Eugenia is the founder and CEO of Young Educators Foundation, a charity that helps children improve their spelling and literacy. She is a passionate educator who makes learning fun for children aged 8-18 years through spelling competitions and other education programmes. Eugenia believes children are the ‘present’ and reaches many of them in Ghana and Nigeria through her work. She has been commended by the President of Ghana for her contribution to education.
You’ve been described as one of the very few passionate and ‘selfless personalities in the Ghana education sector’- where does that passion for education come from and how have you put legs on this passion?
The passion is from my very existence as a beneficiary of education. More than anything, education has been the one factor that has afforded me the heights I have attained in life. As a matter of fact, it was in pursuit of higher education that I stumbled acròss the Scripps Spelling Bee. As a child, one doesn’t fully grasp the value of education probably because of how one is ‘introduced’ to it, especially in Africa where education and learning can be made to seem like a chore. As such, my mission is to ensure that children find education and learning fun, engaging and rewarding, 3 pillars that guide most programmes that my organization runs.
Clearly, very impactful work you’re doing. When you look back to the start and what your goals were, what’s been most surprising about where you are now?
How far we have made it, that’s the most surprising! The journey has been long with seemingly insurmountable hills and challenges. There were many times within the last 12 years that I was certain I was going to fold up business. I had been in a field with huge budgets and here I was trying to raise funding within country from local sources. It has been nothing short of a Herculean task but there was always a glimmer of hope in the turn of events that spurred me on.
You acquired the sole rights to USA’s Scripps Spelling Bee in Ghana, an intervention that has become a real hit. What did you consider when taking the decision many years ago to buy the rights when I can imagine you had no idea it would be this successful?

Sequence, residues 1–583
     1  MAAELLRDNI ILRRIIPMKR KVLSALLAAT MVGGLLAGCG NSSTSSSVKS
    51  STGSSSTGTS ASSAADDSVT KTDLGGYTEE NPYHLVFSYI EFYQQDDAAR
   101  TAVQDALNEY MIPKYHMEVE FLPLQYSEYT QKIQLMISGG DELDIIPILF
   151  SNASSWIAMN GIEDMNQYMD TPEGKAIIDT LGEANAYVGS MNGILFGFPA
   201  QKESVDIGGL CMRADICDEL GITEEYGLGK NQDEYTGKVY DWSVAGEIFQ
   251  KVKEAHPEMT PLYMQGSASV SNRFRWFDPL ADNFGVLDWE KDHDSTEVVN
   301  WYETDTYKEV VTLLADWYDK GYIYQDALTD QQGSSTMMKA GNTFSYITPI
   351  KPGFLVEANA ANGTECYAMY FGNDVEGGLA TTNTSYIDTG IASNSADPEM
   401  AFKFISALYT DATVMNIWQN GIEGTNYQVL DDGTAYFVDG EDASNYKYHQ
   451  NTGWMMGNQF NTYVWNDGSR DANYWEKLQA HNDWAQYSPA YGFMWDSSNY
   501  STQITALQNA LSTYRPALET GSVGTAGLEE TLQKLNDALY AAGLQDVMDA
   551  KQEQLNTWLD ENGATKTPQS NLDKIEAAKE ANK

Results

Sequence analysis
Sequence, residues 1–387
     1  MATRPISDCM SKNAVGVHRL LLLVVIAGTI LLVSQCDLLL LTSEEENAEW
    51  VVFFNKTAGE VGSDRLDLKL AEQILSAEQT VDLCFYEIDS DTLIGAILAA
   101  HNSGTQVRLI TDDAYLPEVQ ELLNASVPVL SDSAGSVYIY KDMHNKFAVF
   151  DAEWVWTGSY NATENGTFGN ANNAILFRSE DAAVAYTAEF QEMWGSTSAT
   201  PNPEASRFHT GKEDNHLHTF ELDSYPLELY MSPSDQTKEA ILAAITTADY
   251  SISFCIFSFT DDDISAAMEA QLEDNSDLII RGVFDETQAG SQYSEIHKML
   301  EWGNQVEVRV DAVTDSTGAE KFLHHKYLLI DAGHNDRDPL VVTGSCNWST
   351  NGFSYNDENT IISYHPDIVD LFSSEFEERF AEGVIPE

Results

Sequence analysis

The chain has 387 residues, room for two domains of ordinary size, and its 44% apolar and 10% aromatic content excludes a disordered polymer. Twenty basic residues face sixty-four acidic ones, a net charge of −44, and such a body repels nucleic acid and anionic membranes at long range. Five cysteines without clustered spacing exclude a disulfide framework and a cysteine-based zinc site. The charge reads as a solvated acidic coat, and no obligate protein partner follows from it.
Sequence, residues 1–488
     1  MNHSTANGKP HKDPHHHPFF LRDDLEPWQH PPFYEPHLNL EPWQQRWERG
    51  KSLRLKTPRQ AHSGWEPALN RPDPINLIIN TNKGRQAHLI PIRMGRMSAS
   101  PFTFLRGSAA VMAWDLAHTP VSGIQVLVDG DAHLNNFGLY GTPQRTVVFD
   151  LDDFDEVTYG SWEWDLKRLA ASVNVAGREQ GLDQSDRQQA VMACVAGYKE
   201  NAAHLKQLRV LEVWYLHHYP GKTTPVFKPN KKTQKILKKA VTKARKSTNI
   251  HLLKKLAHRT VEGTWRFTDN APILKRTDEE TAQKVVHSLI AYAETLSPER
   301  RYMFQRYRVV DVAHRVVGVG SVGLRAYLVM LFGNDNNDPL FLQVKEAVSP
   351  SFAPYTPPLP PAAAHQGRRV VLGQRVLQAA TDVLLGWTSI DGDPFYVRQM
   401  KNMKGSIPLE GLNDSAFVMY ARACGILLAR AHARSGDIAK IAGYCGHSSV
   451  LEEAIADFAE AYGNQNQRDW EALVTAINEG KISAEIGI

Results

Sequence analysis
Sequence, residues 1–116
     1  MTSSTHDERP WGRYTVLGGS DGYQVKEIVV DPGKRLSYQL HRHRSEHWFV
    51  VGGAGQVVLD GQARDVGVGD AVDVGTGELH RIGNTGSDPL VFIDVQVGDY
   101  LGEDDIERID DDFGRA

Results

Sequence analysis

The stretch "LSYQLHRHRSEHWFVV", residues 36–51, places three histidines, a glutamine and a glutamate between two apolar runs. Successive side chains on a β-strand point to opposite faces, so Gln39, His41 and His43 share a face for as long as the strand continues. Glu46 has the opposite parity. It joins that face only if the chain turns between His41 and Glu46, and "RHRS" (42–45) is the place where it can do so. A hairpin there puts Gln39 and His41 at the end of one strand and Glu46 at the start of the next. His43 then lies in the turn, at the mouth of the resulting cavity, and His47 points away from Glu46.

On the contrary! I was more than certain that the Spelling Bee in Ghana would be the most successful children’s educational programme in Ghana and that schools, parents and organizations would be falling over themselves to subscribe to it because Ghanaians attach very high value to education. That and the fact that the Spelling Bee in Ghana would get children to want to read, was my impetus for bringing it to Ghana. Of course the reality is far from the dream…but we persist.
You believe the education children are being given in schools is not ‘’preparing them for the world stage’’. What type of learning in your view would help children compete well globally?
In Ghana, education and learning sadly seems to be limited to the classroom. Our society perceives anything outside of the classroom or the syllabus as not learning. As such, we have been known to be good theorists, not practical. I have been to schools where all science subjects, physics, chemistry and biology were taught only in the classroom or laboratory. How do they experience first-hand, a metamorphosis of say, the butterfly? Such learning methods stifle creativity and knowledge acquisition and the major loss in this style of learning is critical thinking skills. So typically, the average student hardly questions anything because the teacher has provided them with all the information they require…or so they are made to think. I believe student-led exploratory learning is the sure way our children can compete well globally.
You credit your education for the career choices you’ve made- how so?
If I weren’t educated, I wouldn’t be where I am today. Education has afforded me opportunities that those who are not educated strive for. But it isn’t my formal education that has led me in my career path; it’s my love for reading & spending time with children, both hobbies nurtured at home by my parents that led me down this path. I keep telling parents who tend not to want to let children engage in extracurricular activities that a lot happens outside the classroom.